The Candidate's Dilemma: Is it Worth Quitting Your Day Job to Run for President?

Sometimes, looking for a new job means losing the one you've got.

Photographer: Will McNamee/Getty Images

As the Republican presidential field takes shape, some likely candidates face a vexing decision: Whether it is worth giving up a current job in order to seek the one coveted by so many politicians.

Some states have laws on the books that prevent officeholders from simultaneously seeking re-election and running for higher office. But it's not just sitting senators and governors who must weigh the risk of being left, however briefly, out of work. Corporate and media positions often have to fall by the wayside—whether by law or simply because of bad optics—if a candidate will have a real shot at winning. 

Here's a rundown of would-be candidates and the duties that they would have to give up if they decide to hop into the 2016 race—or that they've given up already.

Mike Pence 

Indiana's governor will come up for re-election in 2016, but thanks to a state law that prohibits a candidate from seeking state and federal office on the same ballot, he may have to forego returning to that job if he also wants to run for president. Then again, a GOP state legislator has put forth a bill that would re-write that law, clearing the way for an electoral double-dip.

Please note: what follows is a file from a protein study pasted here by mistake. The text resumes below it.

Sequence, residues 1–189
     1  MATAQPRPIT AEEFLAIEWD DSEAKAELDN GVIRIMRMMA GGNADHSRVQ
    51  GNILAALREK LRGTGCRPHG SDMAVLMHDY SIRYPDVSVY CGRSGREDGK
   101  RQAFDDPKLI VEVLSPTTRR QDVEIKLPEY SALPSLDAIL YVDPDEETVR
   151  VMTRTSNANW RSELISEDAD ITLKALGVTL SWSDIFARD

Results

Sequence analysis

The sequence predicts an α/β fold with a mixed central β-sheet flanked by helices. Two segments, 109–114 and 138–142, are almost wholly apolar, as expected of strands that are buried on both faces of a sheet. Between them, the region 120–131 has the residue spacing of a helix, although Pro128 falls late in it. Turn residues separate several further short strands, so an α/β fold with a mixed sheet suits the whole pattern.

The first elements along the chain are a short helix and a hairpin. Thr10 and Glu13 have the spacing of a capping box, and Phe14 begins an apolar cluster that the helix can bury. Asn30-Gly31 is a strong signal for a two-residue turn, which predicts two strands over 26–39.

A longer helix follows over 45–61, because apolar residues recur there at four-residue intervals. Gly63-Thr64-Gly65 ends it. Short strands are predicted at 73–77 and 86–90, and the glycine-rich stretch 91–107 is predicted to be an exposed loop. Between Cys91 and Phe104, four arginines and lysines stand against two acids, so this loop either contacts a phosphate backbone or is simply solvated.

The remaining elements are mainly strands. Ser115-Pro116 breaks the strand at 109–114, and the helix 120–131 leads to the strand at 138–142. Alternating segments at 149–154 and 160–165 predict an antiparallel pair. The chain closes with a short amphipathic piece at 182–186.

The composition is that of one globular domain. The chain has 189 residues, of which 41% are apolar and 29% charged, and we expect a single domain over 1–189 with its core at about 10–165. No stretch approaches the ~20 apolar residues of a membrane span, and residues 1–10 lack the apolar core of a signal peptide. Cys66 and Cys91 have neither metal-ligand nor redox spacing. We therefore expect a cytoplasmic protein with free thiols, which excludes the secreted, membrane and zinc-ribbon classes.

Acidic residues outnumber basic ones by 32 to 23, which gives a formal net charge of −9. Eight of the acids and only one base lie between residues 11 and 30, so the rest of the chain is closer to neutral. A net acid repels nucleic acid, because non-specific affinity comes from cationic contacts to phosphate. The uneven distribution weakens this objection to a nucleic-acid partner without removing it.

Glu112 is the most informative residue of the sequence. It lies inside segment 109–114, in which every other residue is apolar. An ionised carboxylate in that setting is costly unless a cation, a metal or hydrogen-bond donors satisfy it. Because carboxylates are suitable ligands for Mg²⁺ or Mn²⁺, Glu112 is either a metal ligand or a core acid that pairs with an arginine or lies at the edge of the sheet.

Mike Huckabee

Like former House Speaker Newt Gingrich and former Senator Rick Santorum before him, Huckabee severed ties to Fox News this month in anticipation of his latest White House run. While giving up his eponymous show on the conservative cable network represents a salary setback for the former Arkansas governor, the revolving-door relationship between Fox and GOP candidates means Huckabee could be back on air should he not win the party's nomination.

Marco Rubio

Florida, like Indiana, does not allow a candidate to simultaneously seek re-election and run for president. Unlike Indiana, however, there's no move afoot to alter state law. That means Rubio, if he decides to throw his hat into the presidential ring, would be bidding farewell to his Senate seat. 

“I understand that running for the presidency requires you to make that decision soon enough so you can put together a campaign, and I'm confident that we'll be able to do that if that's the decision I make,” Rubio said in an interview Friday, according to National Journal. “But I haven't made the decision yet.”

Rand Paul

The Kentucky senator has used his position to become a national political figure, but if he decides to run for president, he may have to give it up. One person keen on making sure Paul does not violate state law and run for two different offices simultaneously is Kentucky Secretary of State Alison Lundergan Grimes, the Democrat who lost her bid to oust Senate Republican leader Mitch McConnell in November. “The law is clear,” Grimes told WHAS-TV. “You can’t be on the ballot twice for two offices.” Grimes has vowed to take Paul to court if he attempts to seek re-election and the presidency at the same time. 

Jeb Bush

In one of the clearest signs that he plans to run for president, the former Florida governor has resigned from a slew of non-profit and corporate boards of directors, thus theoretically clearing away possible financial entanglements. The en-masse resignations included positions with Academic Partnerships, Empower Software Solutions, CorMatrix Cardiovascular Inc., and Rayonier Inc. He also stepped down from his advisory role at Barclays.

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